Graphene Film Keeps Electronic Devices Cool

Posted: Jul 13 2015, 2:04am CDT | by , in News | Technology News


Graphene Film Keeps Electronic Devices Cool
  • Graphene Film Being Employed as Coolant for Electronic Equipment

A graphene film is being employed with great success as a coolant for electronic equipment.

Researchers have found a methodology of efficaciously cooling electronica via a graphene-based film. The special material has a conductivity that is many times that of copper which is a pretty good conductor of electricity. It can be linked up with silicon.

The problem with electronic contraptions is that they can heat up to the point where they start to malfunction and buckle under. To amend this issue, which comes between a piece of technology and its functions, getting rid of extra heat is of the essence. Thus electronic longevity could become a fact of everyday existence. 

Almost half the power used to operate electronic equipment is wasted in cooling the gizmos and gadgets. This is a very bad state of affairs. Mankind can do much more thanks to the wonders of science.

When it was proved several years ago by a research team led by Johan Liu, professor at Chalmers University of Technology that graphene can have a cooling effect on silicon-based technology, the prospects for the computerized society of ours looked brighter all of a sudden.

“But the methods that have been in place so far have presented the researchers with problems”, Johan Liu said in a statement.

“It has become evident that those methods cannot be used to rid electronic devices off great amounts of heat, because they have consisted only of a few layers of thermal conductive atoms. When you try to add more layers of graphene, another problem arises, a problem with adhesiveness. After having increased the amount of layers, the graphene no longer will adhere to the surface, since the adhesion is held together only by weak van der Waals bonds."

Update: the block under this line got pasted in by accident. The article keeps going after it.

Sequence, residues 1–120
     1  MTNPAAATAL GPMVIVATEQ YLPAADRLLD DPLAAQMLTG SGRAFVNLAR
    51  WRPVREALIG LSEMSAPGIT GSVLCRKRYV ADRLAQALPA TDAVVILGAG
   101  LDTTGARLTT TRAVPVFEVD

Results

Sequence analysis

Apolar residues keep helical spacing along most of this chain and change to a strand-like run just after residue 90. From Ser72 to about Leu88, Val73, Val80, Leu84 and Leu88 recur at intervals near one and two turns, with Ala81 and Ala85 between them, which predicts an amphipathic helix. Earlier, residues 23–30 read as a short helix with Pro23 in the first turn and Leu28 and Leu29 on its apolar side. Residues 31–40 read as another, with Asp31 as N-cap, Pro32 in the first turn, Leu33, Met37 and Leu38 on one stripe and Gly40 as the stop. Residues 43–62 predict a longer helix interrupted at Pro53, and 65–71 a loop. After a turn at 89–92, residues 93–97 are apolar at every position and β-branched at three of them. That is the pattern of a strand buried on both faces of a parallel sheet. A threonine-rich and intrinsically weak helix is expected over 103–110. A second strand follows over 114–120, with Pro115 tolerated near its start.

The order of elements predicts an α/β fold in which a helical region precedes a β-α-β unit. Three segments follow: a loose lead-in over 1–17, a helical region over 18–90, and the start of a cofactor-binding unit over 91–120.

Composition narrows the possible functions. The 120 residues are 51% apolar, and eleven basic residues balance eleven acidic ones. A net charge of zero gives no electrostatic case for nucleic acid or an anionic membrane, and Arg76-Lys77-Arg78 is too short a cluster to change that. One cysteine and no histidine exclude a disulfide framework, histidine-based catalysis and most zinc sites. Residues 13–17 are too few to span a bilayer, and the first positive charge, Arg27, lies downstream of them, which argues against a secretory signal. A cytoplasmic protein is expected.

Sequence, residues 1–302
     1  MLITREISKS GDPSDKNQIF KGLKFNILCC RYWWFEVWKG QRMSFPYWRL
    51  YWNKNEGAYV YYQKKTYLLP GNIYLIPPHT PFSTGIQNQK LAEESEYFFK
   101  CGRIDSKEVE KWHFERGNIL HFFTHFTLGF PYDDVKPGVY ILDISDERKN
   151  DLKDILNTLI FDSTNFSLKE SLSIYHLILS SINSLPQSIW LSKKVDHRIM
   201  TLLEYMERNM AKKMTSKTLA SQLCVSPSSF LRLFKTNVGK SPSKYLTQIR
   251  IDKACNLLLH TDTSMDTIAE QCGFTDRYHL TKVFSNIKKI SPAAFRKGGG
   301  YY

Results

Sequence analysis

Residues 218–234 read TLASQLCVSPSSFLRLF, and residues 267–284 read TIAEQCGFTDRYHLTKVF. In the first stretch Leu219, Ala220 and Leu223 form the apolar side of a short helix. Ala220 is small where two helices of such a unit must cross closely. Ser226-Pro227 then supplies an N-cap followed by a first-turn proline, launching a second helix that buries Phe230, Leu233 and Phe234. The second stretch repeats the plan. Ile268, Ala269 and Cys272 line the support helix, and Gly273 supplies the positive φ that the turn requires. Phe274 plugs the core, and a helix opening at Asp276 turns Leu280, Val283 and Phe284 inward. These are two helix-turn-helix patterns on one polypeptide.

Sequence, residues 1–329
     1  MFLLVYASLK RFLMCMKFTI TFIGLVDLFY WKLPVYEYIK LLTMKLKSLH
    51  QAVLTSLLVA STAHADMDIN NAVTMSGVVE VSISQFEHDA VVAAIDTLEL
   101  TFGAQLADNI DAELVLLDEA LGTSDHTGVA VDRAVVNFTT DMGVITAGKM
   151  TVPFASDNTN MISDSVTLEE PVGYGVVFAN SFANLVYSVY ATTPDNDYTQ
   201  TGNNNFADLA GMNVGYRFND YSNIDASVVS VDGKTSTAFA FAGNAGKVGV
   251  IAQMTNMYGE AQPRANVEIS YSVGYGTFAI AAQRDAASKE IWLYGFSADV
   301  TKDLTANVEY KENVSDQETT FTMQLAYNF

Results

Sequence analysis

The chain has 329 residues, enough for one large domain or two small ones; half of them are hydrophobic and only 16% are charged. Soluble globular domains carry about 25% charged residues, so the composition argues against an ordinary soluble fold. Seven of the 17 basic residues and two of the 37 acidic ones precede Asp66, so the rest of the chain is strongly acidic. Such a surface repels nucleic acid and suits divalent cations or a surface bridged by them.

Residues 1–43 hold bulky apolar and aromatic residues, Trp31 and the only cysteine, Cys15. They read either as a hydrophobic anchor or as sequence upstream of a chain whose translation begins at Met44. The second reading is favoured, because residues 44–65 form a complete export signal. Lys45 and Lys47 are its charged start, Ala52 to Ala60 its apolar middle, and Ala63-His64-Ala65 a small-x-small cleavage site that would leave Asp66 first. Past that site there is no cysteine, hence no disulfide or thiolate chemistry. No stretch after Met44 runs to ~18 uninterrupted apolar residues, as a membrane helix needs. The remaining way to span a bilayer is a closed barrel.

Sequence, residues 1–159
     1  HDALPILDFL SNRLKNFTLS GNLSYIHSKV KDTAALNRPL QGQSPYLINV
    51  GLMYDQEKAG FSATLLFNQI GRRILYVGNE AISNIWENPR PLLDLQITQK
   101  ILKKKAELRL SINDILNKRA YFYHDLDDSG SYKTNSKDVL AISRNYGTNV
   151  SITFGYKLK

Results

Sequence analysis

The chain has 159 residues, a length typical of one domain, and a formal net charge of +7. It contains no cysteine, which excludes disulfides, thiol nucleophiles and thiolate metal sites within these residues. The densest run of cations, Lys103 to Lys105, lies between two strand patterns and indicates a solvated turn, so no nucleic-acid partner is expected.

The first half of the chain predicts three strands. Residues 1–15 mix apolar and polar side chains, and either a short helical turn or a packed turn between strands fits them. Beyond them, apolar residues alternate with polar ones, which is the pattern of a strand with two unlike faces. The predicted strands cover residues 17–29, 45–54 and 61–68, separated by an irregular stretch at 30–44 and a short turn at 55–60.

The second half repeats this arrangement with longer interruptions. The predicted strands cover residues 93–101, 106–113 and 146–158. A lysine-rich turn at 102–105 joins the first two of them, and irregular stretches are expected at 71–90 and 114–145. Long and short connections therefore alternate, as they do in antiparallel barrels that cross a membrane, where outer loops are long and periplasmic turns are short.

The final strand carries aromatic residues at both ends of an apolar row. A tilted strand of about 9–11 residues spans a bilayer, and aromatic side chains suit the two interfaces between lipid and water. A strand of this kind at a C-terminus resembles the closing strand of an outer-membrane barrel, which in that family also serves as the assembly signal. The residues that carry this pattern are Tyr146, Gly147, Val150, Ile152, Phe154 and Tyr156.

“We have now solved this problem by managing to create strong covalent bonds between the graphene film and the surface, which is an electronic component made of silicon,” he continues.

However, the various means to the ends had baffled scientists. The heat transfer required for cooling is not sufficient seeing the thin layer of atoms of graphene that were utilized in the procedure.  

And there were problems of adhesion too that have to be solved before the real deal came in full view. However, recently this glitch was overcome by creating strong covalent bonds in between the graphene film and the silicon.

A layer of molecules titled APTES (which is an acronym which stands for 3-Aminopropyl triethoxysilane) appears to do the job pretty well. Four times the capacity of copper was reached via this system of hooking up various special materials.

“Increased thermal capacity could lead to several new applications for graphene,” said Johan Liu. "One example is the integration of graphene-based film into microelectronic devices and systems, such as highly efficient Light Emitting Diodes (LEDs), lasers and radio frequency components for cooling purposes. Graphene-based film could also pave the way for faster, smaller, more energy efficient, sustainable high power electronics."

The graphene-based film can be modified to apply to Light Emitting Diodes, Lasers and Radionics Equipment which is a boon and a blessing. The miracles of supertechnology and nanotechnology never fail to surprise and shock mankind with their highly powerful life-transforming effects.

Graphene is indeed the wave of the future since the very fast and fantastic electronics that will reign at that time will depend on its presence for better or for worse. The possibilities are indeed infinite and the doom-mongers of today are the biggest pessimists on the planet since there is actually no reason whatsoever to be despondent or gloomy about the science of futurism. The way lies open and the only thing stopping us is our own mind which actually has no limits in reality. 

This research paper has been published in Advanced Functional Materials.

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<a href="/latest_stories/all/all/20" rel="author">Sumayah Aamir</a>
Sumayah Aamir (Google+) has deep experience in analyzing the latest trends.




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